This week we used the materials that families sent in (expired products from cabinets and pantries) to experiment and explore! The children were so excited to be able to mix, pour, drop, and just “see what happens…” using a large array of exciting products that they are not usually allowed to pour and mix with abandon! While I was also unsure about what would happen, I have realized how much valuable learning happened when allowing the children to explore freely. Here is some of the learning I observed:
– Some children used the planning sheet to frame their learning with questions, procedure, and a hypothesis.
– Some children had their list of materials “in their mind” and chose to create their experiments without a planning sheet.
– Some children had specific questions they wanted to find out about.
– Some children just wanted to see what would happen if they mixed together a bunch of stuff.
– The children asked and answered each others’ questions freely, posing more questions and hypotheses as they went along.
– The children naturally were social in their learning and learned a lot from each other.
– They had high levels of engagement and concentration when participating.
– They reminded each other about how to be safe while experimenting.
– One friend taught those who were using eggs how to crack an egg without crushing it and without getting shell in. Many children ended up using this technique and there was not a single egg cracking accident this week!
Here are some examples of individual experiments that happened this week:
A friend teaches his friends how to do an experiment that will create crystals. This experiment may go on for several weeks!
A friend designed an experiment with the hypothesis that lighting up vinegar soaked paper would produce a small explosion. After the hypothesis was proven incorrect, lots of thinking went on as to why it did not work.
This friend’s hypothesis was that if he combined blue colored liquids with red playdough cut into small pieces, it would turn purple. It was still blue at the end, so his conclusion was that maybe we need to wait longer…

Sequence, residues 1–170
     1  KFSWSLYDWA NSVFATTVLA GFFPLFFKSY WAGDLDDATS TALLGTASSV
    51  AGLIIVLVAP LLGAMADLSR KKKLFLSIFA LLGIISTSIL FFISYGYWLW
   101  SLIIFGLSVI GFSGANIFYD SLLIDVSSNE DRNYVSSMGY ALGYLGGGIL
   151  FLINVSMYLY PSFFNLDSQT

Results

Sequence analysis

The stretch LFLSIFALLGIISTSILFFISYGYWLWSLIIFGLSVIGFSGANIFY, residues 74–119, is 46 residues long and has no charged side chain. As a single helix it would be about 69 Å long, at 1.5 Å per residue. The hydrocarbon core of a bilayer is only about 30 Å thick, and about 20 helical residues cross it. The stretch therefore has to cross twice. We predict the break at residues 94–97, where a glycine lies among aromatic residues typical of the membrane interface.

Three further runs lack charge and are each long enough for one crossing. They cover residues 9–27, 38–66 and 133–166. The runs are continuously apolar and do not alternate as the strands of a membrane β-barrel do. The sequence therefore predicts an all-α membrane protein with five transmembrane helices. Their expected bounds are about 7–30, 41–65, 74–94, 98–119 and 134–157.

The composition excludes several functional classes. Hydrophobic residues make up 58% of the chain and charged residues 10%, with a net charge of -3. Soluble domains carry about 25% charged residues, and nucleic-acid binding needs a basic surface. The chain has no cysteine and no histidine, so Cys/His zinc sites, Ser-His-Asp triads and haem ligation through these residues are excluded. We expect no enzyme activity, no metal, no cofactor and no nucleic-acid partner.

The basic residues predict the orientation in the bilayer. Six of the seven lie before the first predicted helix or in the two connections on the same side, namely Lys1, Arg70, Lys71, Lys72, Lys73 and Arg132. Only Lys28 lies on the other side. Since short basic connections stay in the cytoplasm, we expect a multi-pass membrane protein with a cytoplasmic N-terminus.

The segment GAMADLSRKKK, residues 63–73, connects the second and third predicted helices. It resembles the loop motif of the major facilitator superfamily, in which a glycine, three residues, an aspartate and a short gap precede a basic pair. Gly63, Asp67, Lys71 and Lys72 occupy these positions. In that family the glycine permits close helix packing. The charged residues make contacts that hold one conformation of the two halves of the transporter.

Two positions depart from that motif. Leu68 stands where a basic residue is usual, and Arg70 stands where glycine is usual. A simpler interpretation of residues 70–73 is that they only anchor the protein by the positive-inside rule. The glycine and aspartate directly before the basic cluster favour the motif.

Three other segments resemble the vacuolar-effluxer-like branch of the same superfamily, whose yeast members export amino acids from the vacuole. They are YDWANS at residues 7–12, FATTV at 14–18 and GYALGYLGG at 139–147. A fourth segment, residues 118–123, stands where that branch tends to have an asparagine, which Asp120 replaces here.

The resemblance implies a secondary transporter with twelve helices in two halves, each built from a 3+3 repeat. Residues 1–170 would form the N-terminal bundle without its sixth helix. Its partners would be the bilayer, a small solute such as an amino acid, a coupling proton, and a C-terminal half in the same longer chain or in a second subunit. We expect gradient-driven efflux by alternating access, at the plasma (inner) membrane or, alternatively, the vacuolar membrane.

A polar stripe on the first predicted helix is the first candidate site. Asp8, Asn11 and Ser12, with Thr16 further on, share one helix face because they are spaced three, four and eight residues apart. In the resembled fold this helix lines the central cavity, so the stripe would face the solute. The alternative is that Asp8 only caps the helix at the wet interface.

This young scientist was trying to produce something that would be “slimy and gooey like silly putty.” While her results were slimy and gooey, she observed that it was “not exactly like silly putty.”
This young scientist was making a potion. She mixed together sugar granules and sauce. She decided she wanted to pour it into another container, but it would not pour! She wondered why and explained her problem to her friends. After much thinking, one scientist friend suggested that she add some juice to her potion because it “was not liquid enough.”
She took her friend’s suggestion. After adding a few drops, she observed that it was still not easy to pour out. It was suggested that she add more juice. She did and she observed, “It worked! It’s pouring out!” These young scientists have been collaborating and exploring the property of viscosity!
This young scientist is trying to duplicate the results of an experiment we did earlier in the week- placing an egg in vinegar to see if the shell will dissolve. Scientists duplicate their results to make them credible!
These young scientist friends are experimenting with yeast, warm water, and honey. They remembered from when we made bread that yeast needs food. They are trying to see if they can make the bottle explode! It was not until the next day that they realized that the bottle expanded and when they opened it, it let out a loud hiss of air. One scientist concluded that it was the yeast breathing and creating more gas inside the bottle that caused that reaction.
This young scientist wanted to combine two experiments we had done. We had put one egg in vinegar and one egg in coke. Three days later, the vinegar egg’s shell had dissolved and the coke egg turned brown. She wanted to combine coke and vinegar to see if the shell would still dissolve and if the resulting “naked egg” would be brown. Results have not yet been observed, as in the process, lots of other ingredients were added and it is currently sitting on a shelf “stewing.”
Finally, here are photos of all of our scientific explorations this week…notice in particular how focused and engaged they are and how this kind of free exploration and learning naturally becomes a social process for them. Much of the learning that happened was from the children teaching each other. The teachers tried as much as possible not to interfere with what was happening. Despite the lack of teacher direction (or maybe as a result of), the children had no arguments, were safe, communicated effectively and meaningfully with each other, and remained focused on what they were doing. Besides asking some questions and reminding them to help to clean up at the end, teachers did not need to intervene or direct at any time. The children were in charge of their own learning!